by Li Rong
What has happened in my life so far? The goals I have achieved were because of the social construction of reality. Like anybody else, ethnocentrism influenced my beliefs about right and wrong. After I moved from China to the United States, I started to form my own perspective.
Not only the Chinese society's transformations, but also the changes in my own life, are all because of the social construction of reality "the creation by people in social interaction of what they regard as true Whatever reality may exist objectively, part of what humans always do is to see that reality through a social construction to some extent." As the Soviet Union broke up, Chinese realized the economic system of communist ideology couldn't work out. China transformed little by little from communist to capitalist. As I grew up, my life was affected by this background.
Looking back on my path, my goals ware different during different periods of time: I was born in the mid-1970's. The Chinese government just ended the political movements at that time. My parents only hoped that I could grow up safe and healthy. Being a child, my dream was to have meat to eat every meal without government rationing. In the 1980's, China opened the door to the world. People's living conditions were improved and I was able to eat as much as I wanted. Then, the government was emphasizing developing the economy and technology. Education suddenly became crucial in China's new social construction of reality. My parents and I hoped that I would be able to go to college. Being a college student would be a big success; the government would assign good positions with decent pay and good benefits. By the 1990's, China began their "Market Economy" (they wouldn't call it capitalism). People believed in competition. The winner will get the market or the job. With a college degree, I still had to look hard for a job. But unlike with my parents' generation, people believed that changing job is acceptable if there is a better opportunity. What I wanted to be or what I wanted to do was influenced by others with whom I associated. I saw the achievements others made; I believed that I could do the same. With this socially constructed reality guiding me, I was able to achieve my goals.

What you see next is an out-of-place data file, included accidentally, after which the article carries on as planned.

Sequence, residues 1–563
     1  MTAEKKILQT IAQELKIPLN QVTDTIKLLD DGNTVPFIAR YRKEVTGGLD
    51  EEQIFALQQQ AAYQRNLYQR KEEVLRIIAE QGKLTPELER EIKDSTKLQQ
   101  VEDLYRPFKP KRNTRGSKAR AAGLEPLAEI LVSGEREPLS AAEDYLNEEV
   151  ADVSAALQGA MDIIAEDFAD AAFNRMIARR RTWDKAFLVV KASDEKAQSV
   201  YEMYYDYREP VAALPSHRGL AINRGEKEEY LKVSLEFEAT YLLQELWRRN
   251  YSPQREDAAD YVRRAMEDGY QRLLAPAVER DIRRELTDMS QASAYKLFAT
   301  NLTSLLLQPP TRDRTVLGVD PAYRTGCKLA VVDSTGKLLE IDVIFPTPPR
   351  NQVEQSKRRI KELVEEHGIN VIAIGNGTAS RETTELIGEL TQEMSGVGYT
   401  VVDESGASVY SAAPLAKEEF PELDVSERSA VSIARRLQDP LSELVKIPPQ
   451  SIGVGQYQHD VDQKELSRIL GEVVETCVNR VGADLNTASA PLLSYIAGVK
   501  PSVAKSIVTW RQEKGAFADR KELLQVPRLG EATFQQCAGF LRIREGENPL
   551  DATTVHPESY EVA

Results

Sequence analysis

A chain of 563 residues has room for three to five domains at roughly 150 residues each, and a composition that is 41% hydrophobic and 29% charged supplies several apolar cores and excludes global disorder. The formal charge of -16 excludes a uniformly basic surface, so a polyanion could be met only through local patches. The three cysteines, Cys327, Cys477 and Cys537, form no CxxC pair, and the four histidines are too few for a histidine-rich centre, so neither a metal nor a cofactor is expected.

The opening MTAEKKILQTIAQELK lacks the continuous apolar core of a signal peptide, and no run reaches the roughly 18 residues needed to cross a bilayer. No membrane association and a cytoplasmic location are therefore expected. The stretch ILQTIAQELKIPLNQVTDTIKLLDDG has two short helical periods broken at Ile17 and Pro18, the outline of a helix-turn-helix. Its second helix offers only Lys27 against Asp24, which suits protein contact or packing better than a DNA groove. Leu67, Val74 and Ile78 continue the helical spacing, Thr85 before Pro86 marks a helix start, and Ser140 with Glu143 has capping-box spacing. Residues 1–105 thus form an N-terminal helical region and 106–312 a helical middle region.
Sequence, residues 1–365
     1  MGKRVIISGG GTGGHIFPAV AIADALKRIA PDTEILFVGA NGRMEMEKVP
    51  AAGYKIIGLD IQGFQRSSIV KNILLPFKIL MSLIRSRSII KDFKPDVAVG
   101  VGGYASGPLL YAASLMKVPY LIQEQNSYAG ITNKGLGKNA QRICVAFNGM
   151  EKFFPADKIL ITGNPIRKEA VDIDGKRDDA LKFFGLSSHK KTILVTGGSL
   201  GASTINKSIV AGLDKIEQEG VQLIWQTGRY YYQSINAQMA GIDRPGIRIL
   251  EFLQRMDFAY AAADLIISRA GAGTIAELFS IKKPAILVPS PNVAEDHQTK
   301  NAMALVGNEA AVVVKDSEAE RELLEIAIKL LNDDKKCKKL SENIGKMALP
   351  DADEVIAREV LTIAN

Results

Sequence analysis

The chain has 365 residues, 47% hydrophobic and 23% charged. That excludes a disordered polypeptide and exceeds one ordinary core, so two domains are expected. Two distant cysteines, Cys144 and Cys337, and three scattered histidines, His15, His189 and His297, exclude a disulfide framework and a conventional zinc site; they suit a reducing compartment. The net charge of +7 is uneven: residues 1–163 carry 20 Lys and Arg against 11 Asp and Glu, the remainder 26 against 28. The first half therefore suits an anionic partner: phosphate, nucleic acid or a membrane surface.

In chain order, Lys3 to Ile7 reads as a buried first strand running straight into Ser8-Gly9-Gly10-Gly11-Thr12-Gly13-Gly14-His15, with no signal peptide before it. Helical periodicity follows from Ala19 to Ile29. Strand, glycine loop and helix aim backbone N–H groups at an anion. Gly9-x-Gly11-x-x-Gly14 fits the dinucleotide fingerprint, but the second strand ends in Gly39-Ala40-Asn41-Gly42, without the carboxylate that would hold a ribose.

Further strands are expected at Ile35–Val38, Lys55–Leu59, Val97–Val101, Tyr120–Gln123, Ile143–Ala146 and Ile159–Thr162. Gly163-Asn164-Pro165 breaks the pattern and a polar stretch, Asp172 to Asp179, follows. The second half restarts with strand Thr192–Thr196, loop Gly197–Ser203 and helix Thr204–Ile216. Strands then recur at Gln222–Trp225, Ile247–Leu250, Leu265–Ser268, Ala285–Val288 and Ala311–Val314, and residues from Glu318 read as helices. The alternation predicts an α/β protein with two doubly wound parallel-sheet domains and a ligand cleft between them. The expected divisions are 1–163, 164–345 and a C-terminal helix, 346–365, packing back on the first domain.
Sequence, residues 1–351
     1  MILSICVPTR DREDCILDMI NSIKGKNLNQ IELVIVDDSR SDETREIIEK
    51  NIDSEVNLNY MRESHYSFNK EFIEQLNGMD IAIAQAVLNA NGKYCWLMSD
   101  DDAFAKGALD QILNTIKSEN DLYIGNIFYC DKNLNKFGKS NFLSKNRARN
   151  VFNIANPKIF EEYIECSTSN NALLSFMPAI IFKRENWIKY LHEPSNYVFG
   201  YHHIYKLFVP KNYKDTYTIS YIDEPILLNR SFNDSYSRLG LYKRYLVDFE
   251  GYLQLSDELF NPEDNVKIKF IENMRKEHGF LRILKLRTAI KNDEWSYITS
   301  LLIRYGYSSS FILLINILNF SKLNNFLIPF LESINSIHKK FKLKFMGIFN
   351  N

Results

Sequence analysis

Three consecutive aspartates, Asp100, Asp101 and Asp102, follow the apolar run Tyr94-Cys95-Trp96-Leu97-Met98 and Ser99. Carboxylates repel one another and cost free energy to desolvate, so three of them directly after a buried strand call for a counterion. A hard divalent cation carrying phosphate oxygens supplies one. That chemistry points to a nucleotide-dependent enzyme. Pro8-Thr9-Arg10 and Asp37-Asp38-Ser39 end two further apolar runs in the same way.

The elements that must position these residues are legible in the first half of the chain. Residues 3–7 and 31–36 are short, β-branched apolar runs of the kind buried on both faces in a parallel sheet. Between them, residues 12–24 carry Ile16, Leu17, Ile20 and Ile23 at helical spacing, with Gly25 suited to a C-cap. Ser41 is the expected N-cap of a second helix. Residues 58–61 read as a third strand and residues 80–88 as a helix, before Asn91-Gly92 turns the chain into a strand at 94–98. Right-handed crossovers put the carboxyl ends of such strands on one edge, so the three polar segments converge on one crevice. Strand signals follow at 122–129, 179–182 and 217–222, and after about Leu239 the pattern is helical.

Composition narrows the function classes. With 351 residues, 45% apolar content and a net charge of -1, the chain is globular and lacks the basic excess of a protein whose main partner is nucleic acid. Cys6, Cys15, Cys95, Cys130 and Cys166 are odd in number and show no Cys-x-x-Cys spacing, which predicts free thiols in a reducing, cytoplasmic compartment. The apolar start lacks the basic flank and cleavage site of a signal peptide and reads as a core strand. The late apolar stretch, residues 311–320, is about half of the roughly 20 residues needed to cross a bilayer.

Since coming to the U.S., I saw the connection between being educated and success through the experience of other Chinese immigrants. I saw the necessity of being in college to help me better understand the world. I came to Metro State University pursuing more education. My reality is still being constructed by this social environment.